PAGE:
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LOOKING BACK at a Letter written in May 2006, Sharon Lubitow and Mark De Cracker (6-Oct-2009)

In the late 1970’s, Staunton, Virginia, looked much like Wayne County villages look today. Empty storefronts, few services, no traffic – in short, nothing to attract either visitors or homebuyers. There were, however, “great bones”: architecture, history, a location close to highways and a story to tell. It took a catalyst, which for Staunton was development of The Museum of American Frontier Culture. Made possible by a state and local partnership, the museum gave passing motorists a reason to get off the Interstate and see what Staunton had to offer. That was not much, at first, but as visitors came, stores and restaurants sprang up to serve the need, and a cycle began. An area once dark at night now has stores, restaurants and even a Shakespeare theatre. Staunton has attracted new business and industries and stands as a testament to the power of an idea, a catalyst.

We in Wayne County sit in an area with these same ”great bones”. We live in an area of great physical beauty, close to the Thruway, with towns and villages full of wonderful architecture and stories to tell. The stories of Wayne County are as old as the founding of our country and the New York-Massachusetts land dispute. It continues through settlement, the Erie Canal, the Burned-over District, the founding of two modern religions, and the rise of the Empire State. Immigrant sagas, the Progressive era, the Depression, World Wars, and the changes they and the twentieth century brought, are all part of what we have to share. Wayne County offers beauty, history, ethnic and cultural diversity and what could be called the soul of America.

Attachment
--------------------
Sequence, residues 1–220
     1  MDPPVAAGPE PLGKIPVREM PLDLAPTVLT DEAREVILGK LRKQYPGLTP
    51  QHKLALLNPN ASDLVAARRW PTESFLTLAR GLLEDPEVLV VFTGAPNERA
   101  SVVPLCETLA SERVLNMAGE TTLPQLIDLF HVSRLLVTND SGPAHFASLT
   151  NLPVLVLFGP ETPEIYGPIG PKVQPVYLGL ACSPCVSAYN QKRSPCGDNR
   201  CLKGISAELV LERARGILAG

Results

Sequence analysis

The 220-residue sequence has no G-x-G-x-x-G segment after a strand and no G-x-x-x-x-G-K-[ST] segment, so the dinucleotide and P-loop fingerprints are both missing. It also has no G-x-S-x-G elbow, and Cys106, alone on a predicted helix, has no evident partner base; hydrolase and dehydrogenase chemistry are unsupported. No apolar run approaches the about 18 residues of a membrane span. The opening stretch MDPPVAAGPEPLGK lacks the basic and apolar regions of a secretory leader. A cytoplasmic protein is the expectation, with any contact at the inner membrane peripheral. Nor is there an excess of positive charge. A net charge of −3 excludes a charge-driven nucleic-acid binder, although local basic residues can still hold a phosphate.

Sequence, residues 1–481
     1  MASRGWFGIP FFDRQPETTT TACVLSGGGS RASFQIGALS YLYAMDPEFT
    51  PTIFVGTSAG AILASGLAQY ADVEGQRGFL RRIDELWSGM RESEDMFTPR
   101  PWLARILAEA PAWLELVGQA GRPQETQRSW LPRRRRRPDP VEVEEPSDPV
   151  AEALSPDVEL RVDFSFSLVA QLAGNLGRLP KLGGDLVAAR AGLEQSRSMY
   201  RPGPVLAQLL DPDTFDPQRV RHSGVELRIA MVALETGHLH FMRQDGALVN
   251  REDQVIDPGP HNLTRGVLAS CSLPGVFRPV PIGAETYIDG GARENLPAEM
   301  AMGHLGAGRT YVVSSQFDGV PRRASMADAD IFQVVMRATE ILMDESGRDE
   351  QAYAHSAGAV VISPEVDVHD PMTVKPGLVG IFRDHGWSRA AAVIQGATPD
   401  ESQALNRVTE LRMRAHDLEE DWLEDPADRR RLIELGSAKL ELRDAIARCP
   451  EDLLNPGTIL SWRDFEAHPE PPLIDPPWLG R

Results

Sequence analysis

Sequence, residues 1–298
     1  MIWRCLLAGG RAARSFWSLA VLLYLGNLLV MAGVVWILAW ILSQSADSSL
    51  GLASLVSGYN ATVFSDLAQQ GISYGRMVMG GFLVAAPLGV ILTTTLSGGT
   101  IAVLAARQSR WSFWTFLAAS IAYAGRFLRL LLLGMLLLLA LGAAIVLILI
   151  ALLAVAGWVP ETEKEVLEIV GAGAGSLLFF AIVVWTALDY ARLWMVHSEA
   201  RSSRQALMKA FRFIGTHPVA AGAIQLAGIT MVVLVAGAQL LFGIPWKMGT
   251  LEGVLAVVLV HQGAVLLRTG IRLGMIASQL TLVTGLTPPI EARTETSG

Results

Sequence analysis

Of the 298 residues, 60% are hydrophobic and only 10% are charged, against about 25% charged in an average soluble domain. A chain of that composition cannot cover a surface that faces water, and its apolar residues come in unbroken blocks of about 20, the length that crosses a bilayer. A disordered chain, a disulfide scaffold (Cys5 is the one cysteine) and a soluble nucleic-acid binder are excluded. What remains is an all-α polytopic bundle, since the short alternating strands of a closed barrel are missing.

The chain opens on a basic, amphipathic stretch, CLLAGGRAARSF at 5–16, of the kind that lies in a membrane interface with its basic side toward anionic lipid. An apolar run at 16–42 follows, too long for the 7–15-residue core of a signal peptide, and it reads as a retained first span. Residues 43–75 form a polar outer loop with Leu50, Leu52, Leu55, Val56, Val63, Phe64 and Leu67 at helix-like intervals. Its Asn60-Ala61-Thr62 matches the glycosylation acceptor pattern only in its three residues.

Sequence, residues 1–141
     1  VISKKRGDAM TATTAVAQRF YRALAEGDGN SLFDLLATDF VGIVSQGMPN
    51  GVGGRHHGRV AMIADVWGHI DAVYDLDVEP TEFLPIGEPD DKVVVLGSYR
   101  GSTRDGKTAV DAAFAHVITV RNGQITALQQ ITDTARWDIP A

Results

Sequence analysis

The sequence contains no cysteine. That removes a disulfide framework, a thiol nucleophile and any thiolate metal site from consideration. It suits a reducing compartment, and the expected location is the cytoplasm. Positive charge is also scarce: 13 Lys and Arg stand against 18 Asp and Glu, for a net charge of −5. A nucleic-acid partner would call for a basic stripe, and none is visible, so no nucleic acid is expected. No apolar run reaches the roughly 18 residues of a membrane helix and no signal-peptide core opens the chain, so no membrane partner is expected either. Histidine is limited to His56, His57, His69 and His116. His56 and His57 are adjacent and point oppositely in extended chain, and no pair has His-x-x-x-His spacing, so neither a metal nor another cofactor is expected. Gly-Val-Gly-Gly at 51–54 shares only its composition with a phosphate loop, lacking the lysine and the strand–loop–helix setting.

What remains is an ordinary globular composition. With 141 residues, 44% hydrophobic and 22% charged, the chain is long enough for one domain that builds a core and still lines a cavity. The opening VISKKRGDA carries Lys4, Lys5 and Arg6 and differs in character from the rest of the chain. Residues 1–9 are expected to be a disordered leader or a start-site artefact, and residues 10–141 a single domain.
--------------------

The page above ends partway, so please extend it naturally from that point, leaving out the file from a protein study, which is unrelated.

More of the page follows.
But as we sit here in 2006, we are undervalued and have not achieved the rich economic rewards that are available to us. Other regions of this country have a fraction of what we have – yet they have packaged and linked themselves so well that they overflow with economic benefit.

We have yet to realize and make use of our assets. The power that we all have is in the development of a critical mass where we join hands and assets and package ourselves for regional and world attention. The old saying, “A rising tide lifts all boats” is truly applicable. The power is in everyone working together – not different groups with different agendas and missions! The power is in developing and branding Wayne County, our region, and eventually the entire canal route - and linking our attractions to others.

The canal, the Mormon and Spiritualist sites, the historic places, natural and scenic wonders such as Sodus Bay, Lake Ontario and Chimney Bluffs, our orchards, our woods with their spring carpet of wildflowers - these are all treasures. But of what benefit are these treasures if we cannot surround them with clean and vibrant towns and villages, shopping that is distinct and memorable, and people who are ready, friendly and confident?

And what good is it if travelers cannot get off our main highways, see signage that directs them to intended destinations, easily access tourism information, see small hamlets and lovely towns that are dressed up and look clean and interesting, and find modern accommodations and places to dine and rest? Thruway signs need to be installed that identify Wayne County and the Erie Canal Heritage Corridor, not some ambiguous name.

How do tourists get from place to place? Do we have roads and byways that are marked, that identify places to see, mark shopping spots like antique trails, farm markets, boutique shops, and all the wonderful places that we have - but sometimes don’t advertise well?

These travel ways must be the arteries that link us and efficiently take people through our region toward their destination. We must offer signs and byways that deliver “anticipation” and “unique experiences” – otherwise we’re just another road in another place. We need people to stop and stay and spend money!